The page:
He said that Jeremiah had followed his sense of duty.
"Jeremiah gave the ultimate sacrifice so we could be free," he said. "We take comfort in the hope we will see him again one day."
Organist Patti Cory sang "America The Beautiful" and "Amazing Grace."
As Monroe was carried from the church, Bagpiper Matthew Miller Jr. from Lake Luzerne played. The white-gloved Army personnel from Fort Drum, with precision, slowly carried the casket down the stairs to the awaiting hearse.
As the procession of more than 300 vehicles left the church, they encountered hundreds of people along the route to the cemetery. At the North Warren Central School, the athletic team members, wearing their formal uniforms, stood holding American flags.
At several locations, fire departments had erected flags from their hook and ladder trucks.
On the procession's route past Dynamite Hill, the aerial unit of the Pottersville Fire Dept. had displayed a giant American flag high in the air as a tribute to Monroe.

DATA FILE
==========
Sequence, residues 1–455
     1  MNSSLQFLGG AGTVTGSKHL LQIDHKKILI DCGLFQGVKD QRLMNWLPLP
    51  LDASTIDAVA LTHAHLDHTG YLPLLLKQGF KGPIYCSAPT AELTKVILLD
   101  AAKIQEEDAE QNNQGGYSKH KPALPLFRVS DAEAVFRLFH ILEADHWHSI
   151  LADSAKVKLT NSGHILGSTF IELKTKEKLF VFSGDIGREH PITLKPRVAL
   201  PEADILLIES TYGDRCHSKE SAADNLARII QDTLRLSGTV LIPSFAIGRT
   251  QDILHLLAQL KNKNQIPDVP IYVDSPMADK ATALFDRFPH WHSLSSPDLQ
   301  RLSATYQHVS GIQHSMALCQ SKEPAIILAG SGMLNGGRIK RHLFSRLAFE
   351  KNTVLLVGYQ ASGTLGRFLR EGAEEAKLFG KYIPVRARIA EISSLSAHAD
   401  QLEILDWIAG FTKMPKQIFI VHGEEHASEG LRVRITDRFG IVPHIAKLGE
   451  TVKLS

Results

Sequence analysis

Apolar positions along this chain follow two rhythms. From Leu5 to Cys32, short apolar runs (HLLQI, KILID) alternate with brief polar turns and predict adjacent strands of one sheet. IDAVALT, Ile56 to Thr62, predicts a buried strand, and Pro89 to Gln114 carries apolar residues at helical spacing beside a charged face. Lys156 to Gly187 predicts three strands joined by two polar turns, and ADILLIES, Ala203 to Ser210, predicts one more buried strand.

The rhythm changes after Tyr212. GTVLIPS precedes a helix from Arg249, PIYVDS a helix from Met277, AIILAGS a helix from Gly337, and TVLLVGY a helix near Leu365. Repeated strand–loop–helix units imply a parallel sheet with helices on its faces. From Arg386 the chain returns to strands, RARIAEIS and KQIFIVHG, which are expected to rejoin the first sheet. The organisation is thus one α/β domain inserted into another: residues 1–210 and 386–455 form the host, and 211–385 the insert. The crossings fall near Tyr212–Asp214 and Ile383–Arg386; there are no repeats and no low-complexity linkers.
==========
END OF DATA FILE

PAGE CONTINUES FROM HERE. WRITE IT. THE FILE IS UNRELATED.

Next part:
At the entrance to the hamlet of Brant Lake, a banner had been erected that said "Thank You Jeremiah - Horicon will never forget you," and the Lake George aerial truck had stretched a huge American flag far above state Rte. 9.
Farther on the route at the Horicon Town Hall, the West Glens Falls and Queensbury Central Firefighters had stretched another huge flag across the roadway. On Palisades Road, a backhoe at Palmer Brothers Marina draped a flag from an upraised backhoe bucket.
People came from Burlington, Vermont, and Albany north to give tribute to this fallen soldier.
At the Underwood Cemetery, Chaplain Esselle said a few prayers. The Bagpiper played and the Fort Drum honor guard fired their rifles into the clear blue sky. Taps echoed off the mountains in the distance.
The Honor guard gently took the flag from the casket, folded it with precision, and Major General James Terry presented it to Delores Monroe.